Long-term effects of antipsychotics

Samir Kadri
Author: Samir Kadri Medical Reviewer: Morgan Blair Last updated:

Antipsychotic drugs have been the frontline treatment for people diagnosed with psychosis or schizophrenia since their inception in the 1950s. [1]

There is a wealth of evidence supporting the efficacy of antipsychotics, over the short and mid-term, in managing psychotic symptoms. While this class of medication can improve sufferer’s daily functioning and quality of life, they can also have potential long-term effects.

Long-term effects can vary based on the type of antipsychotic being taken, the individual’s health and a range of other factors. This article will delve into the long-term effects of antipsychotics.

Long-term effects of antipsychotics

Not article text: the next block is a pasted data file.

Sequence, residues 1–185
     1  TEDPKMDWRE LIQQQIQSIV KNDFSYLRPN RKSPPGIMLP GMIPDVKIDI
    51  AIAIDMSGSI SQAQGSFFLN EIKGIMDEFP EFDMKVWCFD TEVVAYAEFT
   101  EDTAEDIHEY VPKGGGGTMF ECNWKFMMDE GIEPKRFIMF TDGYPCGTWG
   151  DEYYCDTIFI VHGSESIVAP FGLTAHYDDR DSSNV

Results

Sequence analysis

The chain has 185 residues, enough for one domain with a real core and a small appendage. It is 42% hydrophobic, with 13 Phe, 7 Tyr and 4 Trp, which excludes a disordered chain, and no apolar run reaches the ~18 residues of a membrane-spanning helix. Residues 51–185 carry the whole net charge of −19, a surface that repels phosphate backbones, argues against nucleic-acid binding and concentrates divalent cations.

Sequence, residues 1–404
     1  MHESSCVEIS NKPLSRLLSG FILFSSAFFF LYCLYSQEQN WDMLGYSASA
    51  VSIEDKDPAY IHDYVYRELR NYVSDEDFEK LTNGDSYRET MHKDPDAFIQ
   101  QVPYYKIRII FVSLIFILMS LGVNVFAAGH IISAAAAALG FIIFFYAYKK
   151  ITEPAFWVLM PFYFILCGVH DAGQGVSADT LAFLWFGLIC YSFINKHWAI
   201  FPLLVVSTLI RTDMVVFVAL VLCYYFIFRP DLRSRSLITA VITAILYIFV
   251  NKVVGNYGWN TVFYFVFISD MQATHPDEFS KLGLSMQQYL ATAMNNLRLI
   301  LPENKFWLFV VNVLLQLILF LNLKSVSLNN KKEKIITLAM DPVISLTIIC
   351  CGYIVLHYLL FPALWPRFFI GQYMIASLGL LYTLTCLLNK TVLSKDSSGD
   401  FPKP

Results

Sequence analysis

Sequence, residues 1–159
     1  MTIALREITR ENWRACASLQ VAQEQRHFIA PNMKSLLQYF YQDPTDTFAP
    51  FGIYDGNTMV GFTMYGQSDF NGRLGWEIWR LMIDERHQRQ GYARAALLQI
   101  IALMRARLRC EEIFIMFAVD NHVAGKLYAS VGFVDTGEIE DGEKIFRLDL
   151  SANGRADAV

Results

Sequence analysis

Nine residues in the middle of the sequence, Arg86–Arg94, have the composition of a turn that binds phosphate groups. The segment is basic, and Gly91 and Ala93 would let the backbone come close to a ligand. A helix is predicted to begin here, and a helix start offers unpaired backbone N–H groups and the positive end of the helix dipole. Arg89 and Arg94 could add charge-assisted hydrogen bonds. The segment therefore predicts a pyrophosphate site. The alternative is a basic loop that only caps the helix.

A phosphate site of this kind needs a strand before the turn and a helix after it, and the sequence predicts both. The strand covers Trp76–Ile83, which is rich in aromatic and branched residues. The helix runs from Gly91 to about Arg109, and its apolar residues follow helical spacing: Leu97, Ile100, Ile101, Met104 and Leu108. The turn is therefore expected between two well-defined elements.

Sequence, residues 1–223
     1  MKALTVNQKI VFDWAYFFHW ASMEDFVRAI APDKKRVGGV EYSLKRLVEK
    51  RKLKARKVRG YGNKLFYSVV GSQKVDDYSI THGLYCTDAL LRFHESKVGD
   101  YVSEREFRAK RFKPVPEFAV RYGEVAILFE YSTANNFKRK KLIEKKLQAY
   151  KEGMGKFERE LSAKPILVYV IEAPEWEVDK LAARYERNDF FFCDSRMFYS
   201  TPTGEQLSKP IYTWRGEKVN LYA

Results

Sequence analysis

What are the possible long-term effects of antipsychotics?

Antipsychotics can effectively reduce the impact of psychotic disorders in many people’s lives, but there is a body of evidence cautioning against the long-term effects of antipsychotic use. These include:

Metabolic syndrome

Some antipsychotic medications are associated with weight gain, changes in blood sugar levels, and increased risk of metabolic conditions like high blood pressure and high cholesterol. [2] Metabolic syndrome is the medical term for a combination of some or all these symptoms. [2]

If you are diagnosed with metabolic syndrome, you are more likely to develop diabetes, heart disease, or suffer a stroke. [2]